Chromosomes. In humans, DNA comes in packages known as chromosomes. Each cell nucleus normally contains twenty-three pairs of chromosomes. (26) In twenty-two of these pairs, called autosomes, the two chromosomes are about the same length. (27) The twenty-third pair differs between males and females. (28) Females have two copies of the X chromosome, while males have one X and one much smaller Y. (29)

    Sex cells (eggs and sperm) are exceptional in that they have a reduced number of chromosomes. (30) Each sex cell contains only one chromosome from each homologous pair, chosen at random, giving them a total of twenty-three individual chromosomes. (31) When a sperm and egg cell combine, a new set of twenty-three pairs is formed. (32) The fertilized cell divides, as do its daughter cells, giving rise to trillions of cells in the offspring. (33) All the new cells (except for sex cells) have the same genome of twenty-three homologous chromosomes. (34) One member of each pair has been inherited at random from one parent, and the other member was inherited at random from the other parent. (35)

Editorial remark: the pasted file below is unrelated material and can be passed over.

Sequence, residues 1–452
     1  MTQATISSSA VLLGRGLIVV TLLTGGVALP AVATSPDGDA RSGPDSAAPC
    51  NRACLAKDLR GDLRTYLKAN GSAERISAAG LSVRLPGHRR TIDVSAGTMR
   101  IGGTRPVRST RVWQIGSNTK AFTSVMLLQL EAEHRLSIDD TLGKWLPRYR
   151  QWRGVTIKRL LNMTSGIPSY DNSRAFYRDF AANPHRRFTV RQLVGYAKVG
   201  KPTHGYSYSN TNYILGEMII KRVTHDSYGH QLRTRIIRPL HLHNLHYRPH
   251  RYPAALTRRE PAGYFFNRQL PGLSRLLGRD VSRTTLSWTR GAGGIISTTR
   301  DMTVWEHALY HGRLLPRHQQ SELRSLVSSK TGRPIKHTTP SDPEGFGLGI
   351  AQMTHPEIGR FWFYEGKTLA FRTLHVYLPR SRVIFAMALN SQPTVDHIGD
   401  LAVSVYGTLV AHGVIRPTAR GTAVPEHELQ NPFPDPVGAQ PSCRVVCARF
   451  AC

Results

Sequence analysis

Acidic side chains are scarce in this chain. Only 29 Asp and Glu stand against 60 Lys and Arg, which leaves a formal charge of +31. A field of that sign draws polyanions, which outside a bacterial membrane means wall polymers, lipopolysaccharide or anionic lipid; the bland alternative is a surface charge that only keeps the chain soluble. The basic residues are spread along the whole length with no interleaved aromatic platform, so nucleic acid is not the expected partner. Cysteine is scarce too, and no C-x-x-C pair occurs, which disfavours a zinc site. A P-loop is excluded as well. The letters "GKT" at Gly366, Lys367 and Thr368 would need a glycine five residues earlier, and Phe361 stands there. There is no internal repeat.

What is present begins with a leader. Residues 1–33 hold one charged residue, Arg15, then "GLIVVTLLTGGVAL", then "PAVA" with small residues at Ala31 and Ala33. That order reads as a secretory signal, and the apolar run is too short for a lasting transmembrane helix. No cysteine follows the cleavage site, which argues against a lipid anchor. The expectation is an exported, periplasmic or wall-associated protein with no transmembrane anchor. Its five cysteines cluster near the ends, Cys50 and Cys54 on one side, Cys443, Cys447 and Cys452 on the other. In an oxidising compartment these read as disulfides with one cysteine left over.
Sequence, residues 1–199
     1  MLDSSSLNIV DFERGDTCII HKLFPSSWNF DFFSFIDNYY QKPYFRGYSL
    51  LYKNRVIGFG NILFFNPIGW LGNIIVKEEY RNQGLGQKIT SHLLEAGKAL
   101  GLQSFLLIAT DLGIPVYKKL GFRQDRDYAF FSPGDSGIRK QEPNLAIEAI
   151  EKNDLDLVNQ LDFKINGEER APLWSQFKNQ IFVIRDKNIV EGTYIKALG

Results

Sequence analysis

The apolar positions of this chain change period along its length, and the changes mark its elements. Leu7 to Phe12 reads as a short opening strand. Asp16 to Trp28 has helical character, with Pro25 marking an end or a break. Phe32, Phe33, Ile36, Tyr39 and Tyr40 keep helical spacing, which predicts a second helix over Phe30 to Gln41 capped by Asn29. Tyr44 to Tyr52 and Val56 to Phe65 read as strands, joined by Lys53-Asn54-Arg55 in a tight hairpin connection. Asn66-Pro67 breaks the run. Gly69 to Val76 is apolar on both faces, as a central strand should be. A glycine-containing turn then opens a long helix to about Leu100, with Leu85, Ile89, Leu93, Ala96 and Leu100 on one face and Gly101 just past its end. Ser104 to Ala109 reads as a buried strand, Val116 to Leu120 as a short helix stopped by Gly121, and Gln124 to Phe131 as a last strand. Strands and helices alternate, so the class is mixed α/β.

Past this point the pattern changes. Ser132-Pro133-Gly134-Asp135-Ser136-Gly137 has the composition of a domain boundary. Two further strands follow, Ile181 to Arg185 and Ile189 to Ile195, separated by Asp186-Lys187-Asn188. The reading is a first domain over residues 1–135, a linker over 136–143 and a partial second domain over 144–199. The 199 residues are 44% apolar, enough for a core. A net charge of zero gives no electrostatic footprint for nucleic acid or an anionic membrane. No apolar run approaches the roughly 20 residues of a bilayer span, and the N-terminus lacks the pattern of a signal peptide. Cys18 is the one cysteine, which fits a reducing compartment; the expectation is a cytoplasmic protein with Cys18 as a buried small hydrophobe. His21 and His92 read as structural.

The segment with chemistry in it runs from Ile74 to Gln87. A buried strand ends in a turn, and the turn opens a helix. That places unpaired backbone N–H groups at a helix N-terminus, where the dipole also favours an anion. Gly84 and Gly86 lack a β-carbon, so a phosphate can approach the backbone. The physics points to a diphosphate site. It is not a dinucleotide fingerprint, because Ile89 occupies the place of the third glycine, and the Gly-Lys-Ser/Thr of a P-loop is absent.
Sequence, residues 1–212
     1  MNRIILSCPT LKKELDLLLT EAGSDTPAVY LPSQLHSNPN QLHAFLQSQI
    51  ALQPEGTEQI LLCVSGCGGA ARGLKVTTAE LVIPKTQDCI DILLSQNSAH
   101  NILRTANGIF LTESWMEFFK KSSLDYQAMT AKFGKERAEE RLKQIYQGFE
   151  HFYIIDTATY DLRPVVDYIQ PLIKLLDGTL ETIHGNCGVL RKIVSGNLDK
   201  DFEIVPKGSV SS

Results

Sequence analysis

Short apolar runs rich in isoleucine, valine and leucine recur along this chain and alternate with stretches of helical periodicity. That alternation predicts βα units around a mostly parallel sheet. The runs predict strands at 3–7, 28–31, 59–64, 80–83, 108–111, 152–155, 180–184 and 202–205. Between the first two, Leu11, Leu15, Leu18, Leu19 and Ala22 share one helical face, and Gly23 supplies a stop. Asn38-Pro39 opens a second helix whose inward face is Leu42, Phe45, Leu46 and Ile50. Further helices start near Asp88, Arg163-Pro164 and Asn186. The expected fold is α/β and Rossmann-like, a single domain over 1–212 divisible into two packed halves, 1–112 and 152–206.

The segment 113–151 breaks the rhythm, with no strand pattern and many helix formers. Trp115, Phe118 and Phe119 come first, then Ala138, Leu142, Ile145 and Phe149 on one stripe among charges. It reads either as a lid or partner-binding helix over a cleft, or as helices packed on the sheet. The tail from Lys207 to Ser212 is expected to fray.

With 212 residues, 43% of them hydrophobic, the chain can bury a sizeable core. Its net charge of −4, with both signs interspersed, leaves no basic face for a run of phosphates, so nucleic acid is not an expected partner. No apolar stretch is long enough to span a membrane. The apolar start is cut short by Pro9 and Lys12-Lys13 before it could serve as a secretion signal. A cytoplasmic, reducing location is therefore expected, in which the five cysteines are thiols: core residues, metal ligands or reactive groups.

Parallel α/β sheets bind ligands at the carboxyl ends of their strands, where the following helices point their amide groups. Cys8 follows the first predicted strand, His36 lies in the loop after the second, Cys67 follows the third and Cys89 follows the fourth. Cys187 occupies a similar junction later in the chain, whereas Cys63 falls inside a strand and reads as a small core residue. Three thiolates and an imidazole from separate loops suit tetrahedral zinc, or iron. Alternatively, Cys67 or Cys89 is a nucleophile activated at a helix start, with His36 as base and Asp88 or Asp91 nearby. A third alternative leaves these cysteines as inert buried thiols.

Loci and alleles. The DNA in a chromosome can be thought of abstractly as a string of four letters (chemical "base pairs"), designated A, T, C, and G. (36) The sequence of base pairs in a particular chromosome (number 16, for example) is mostly the same from one individual to another, but at some locations the sequences are different. (37) The sequence at each location, or "locus," is called an "allele." (38) The simplest alleles are a substitution, deletion, or insertion of a letter at a particular locus. (39) Such variations in the DNA sequence of the same chromosome in different people (or between the paired chromosomes in the same person) are "single-nucleotide polymorphisms," or SNPs. (40) Another kind of polymorphism is a variation in the length of a region of DNA that arises from different numbers of several short, repeated letters. (41) For example, one chromosome number 16 in one individual might have the sequence GATA repeated eight times at a particular locus. Another chromosome 16 might have ten repeats of GATA. Short-tandem repeat, or STR loci, thus resemble trains with different numbers of boxcars. There are other kinds of sequence variations, but STRs currently are the most popular loci for identity and kinship testing, and SNPs are expected to come...